What is an economic downturn?
An economic downturn, or a downturn, occurs when the value of stocks, property, and commodities fall, productivity either grows more slowly or declines, and GDP (gross domestic product) shrinks, stands still or expands more slowly.
An economic downturn is part of the economic cycle, i.e., the natural fluctuation of the economy between periods of growth and contraction. We sometimes refer to the economic cycle as the trade cycle or business cycle.
In most cases, a downturn refers to the downward movement on the graph. However, analysts and the press sometimes use the term when talking about a slowdown in growth.
During a downturn unemployment may rise and investors may lose a lot of money. People take longer to sell their homes and often have to lower their prices. Also, companies spend less on investment, and consumer spending and borrowing declines.
Economic downturn – borrowing
Borrowing by consumers and businesses goes down for two main reasons during a downturn:
- If people worry about their jobs, they are less likely to want to get into debt or further into debt.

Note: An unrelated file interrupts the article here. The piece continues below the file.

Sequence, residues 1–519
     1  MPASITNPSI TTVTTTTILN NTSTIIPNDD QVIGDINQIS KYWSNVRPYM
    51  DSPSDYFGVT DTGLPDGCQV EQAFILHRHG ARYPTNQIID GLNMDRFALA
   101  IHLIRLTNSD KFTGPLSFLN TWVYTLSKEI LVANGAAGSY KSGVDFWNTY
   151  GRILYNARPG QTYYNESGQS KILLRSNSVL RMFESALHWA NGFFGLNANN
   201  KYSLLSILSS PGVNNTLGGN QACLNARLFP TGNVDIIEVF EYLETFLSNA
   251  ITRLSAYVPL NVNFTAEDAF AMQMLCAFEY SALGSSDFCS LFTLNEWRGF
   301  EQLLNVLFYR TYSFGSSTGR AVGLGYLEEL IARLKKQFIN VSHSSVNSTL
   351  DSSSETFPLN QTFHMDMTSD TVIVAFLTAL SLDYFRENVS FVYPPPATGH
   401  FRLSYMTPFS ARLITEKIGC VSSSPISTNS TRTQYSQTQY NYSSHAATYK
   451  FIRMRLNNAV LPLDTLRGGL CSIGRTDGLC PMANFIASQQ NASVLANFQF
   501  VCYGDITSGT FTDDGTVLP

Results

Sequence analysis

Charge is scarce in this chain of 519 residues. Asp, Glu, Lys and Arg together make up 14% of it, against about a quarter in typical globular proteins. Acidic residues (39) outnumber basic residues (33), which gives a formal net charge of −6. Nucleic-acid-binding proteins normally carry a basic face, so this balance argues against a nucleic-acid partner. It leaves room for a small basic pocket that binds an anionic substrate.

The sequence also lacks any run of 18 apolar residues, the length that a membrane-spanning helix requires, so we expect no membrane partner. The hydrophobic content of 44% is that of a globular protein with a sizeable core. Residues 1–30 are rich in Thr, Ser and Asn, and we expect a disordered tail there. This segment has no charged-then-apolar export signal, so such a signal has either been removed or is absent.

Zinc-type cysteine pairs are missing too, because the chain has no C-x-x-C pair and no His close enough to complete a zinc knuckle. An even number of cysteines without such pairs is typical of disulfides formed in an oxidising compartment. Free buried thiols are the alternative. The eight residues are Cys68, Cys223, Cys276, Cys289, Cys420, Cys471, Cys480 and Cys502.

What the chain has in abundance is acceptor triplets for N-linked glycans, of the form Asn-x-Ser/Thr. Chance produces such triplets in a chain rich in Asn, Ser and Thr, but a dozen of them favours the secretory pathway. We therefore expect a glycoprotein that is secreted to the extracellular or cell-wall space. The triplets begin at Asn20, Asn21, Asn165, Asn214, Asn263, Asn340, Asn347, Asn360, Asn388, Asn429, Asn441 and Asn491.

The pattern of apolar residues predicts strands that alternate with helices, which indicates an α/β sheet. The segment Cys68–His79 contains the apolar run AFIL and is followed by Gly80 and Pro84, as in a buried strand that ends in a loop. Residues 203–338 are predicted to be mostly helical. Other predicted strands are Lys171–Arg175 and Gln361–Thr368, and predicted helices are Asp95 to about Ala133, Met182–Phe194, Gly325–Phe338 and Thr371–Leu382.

- Banks become more cautious who they lend money to, i.e. getting a loan becomes more difficult.
Governments often have to borrow more during a downturn, because their tax revenues are smaller. There may also be rising spare capacity, i.e., companies producing less than they can.
An economic downturn may emerge as a country’s economy enters into a recessionary period. Downturns may also occur when the first signs of GDP contraction start to appear.
Recessions and depressions
A country is officially in recession when it registers two successive quarters of GDP contraction. If GDP continues contracting or not growing for over three years, the recession becomes a depression.
A downturn does not necessarily mean an economy is in recession. Often it is just a temporary blip which disappears in the next quarter.
The Merriam Webster dictionary defines a downturn as:
“A situation in which something (such as business or economic activity) decreases or becomes worse.”
Video – Grain industry economic downturn
In this video, Dr. Dave Kohl talks about what may be driving the economic downturn in the grain industry.